Then another left turn out over the edge of the ice sheet. We fly over
thin fragmented pack ice, and big icebergs calved from glaciers, as we
make for Terra Nova bay above a calm, glistening Southern Ocean. We 
chat all the way, about nothing very much, to Mario Zucchelli
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Saturday, 22 January 2011

My first chest x-ray

Another sick person; another likely pneumonia: He?s got a fever,
coughing up green spit and has a white count of 20. ( He was advised,
not by anyone European, to take diamox as prophylaxis against acute
mountain sickness and he had a reaction to their formulation, so was
given second line dexamethasone 4mg bd instead. But logistical delays
meant he was on it for five days waiting to come up to altitude. He
started coughing the day after he stopped the dex, funnily enough)
His sats are low, his respiratory rate and his heart rate are up but
he?s actually pretty well with it. But mindful that our last HAPE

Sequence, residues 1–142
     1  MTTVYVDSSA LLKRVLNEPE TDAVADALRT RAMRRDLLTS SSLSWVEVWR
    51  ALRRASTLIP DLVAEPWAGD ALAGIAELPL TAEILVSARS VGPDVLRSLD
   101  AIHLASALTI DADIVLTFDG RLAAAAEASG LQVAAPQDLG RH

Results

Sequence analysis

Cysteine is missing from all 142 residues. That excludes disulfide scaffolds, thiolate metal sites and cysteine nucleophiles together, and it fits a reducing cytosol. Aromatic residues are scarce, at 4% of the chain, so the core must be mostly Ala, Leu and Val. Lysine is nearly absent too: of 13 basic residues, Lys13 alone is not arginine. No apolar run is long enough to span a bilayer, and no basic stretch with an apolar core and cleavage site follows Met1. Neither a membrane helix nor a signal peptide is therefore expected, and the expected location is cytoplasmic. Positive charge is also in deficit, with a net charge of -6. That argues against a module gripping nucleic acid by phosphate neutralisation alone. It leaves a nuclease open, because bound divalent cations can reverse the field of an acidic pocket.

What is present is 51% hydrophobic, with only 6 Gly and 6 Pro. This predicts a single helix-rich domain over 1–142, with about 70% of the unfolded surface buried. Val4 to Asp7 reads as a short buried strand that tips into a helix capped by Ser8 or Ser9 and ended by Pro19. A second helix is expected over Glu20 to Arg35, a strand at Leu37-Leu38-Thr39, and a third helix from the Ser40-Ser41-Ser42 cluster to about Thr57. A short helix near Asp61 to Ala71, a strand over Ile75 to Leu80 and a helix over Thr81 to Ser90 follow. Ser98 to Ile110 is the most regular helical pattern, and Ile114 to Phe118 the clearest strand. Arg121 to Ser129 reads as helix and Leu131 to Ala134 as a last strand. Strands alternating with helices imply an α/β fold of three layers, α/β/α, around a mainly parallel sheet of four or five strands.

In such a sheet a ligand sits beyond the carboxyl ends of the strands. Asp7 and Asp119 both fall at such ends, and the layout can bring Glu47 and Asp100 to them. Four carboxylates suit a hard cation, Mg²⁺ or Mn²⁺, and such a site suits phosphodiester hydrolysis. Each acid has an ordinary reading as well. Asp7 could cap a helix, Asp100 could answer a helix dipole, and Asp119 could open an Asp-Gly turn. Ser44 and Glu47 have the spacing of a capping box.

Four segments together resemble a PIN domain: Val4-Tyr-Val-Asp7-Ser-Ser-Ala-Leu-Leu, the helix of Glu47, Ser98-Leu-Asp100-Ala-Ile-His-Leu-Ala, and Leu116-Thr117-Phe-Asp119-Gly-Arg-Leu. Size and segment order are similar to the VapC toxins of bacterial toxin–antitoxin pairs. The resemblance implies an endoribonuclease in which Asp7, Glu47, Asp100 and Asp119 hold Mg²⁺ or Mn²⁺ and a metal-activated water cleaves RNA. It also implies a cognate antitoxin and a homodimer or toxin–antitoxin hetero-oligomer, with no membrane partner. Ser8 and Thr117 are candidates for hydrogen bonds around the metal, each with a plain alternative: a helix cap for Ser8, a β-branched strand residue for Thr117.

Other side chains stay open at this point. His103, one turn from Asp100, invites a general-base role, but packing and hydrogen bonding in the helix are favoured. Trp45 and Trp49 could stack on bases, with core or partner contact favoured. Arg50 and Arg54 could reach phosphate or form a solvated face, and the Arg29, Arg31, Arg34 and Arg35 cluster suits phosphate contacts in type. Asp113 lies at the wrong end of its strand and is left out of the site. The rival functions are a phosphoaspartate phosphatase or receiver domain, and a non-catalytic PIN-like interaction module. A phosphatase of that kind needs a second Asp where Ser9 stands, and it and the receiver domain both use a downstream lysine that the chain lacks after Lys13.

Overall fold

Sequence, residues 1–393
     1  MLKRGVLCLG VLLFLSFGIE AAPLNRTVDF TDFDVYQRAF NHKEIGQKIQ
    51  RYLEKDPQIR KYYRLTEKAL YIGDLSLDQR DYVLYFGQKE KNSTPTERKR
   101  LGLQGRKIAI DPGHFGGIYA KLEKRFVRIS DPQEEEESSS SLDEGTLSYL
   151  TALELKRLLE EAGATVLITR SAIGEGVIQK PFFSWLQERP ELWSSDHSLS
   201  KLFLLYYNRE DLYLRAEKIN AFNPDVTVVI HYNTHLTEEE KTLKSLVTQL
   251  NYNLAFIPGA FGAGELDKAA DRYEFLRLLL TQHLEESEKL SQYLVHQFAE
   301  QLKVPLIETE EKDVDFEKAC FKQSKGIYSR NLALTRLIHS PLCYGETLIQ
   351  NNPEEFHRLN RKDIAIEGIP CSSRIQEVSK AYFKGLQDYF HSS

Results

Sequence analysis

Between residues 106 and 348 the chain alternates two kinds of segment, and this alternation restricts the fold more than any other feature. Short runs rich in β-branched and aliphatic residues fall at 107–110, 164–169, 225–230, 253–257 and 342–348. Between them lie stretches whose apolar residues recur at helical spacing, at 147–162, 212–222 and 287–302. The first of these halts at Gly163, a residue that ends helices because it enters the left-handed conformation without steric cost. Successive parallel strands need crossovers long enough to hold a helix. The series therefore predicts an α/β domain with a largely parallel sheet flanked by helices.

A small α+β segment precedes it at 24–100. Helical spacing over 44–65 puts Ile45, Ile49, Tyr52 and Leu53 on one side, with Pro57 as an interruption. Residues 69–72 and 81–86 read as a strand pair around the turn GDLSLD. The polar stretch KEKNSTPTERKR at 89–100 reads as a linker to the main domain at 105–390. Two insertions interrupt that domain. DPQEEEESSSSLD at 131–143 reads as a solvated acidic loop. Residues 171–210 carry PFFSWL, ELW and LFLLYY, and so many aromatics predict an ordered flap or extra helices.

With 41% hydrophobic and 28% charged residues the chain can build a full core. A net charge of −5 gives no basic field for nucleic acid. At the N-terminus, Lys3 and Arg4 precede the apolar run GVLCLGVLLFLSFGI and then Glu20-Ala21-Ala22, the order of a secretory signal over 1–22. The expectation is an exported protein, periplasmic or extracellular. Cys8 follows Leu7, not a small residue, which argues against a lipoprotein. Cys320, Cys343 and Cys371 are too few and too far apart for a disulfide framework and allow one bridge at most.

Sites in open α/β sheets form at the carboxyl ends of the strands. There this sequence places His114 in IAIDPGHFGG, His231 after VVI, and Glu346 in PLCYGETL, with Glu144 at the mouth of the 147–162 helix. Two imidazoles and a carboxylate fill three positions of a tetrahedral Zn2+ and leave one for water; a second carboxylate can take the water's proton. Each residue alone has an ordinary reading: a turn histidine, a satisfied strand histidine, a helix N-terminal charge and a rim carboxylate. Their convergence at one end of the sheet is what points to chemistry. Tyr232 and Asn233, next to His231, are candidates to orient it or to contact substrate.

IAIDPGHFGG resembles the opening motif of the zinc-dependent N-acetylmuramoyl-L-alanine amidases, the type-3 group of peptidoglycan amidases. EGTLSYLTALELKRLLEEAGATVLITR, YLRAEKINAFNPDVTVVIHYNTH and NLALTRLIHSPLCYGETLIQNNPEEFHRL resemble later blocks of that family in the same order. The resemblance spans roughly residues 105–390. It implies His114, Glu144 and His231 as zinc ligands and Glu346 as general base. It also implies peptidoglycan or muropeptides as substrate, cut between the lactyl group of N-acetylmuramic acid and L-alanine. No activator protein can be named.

/ pneumonia   patient deteriorated shockingly rapidly and in the space of
36 hours  ended up with oxygen saturations of 56%, we are being
very careful with this guy.
The lack of atmospheric pressure means our blood carries less oxygen -
both dissolved in the blood and attached to the haemogmobin molecules.
At sea level, about 97% of our haemoglobin molecules will pick up a
molecule of oxygen at the lungs and carry it to supply our body?s
cells (it?s what we refer to as oxygen saturation, or sats, measured
by a photospectrometer in a clip that goes on a fingertip). But at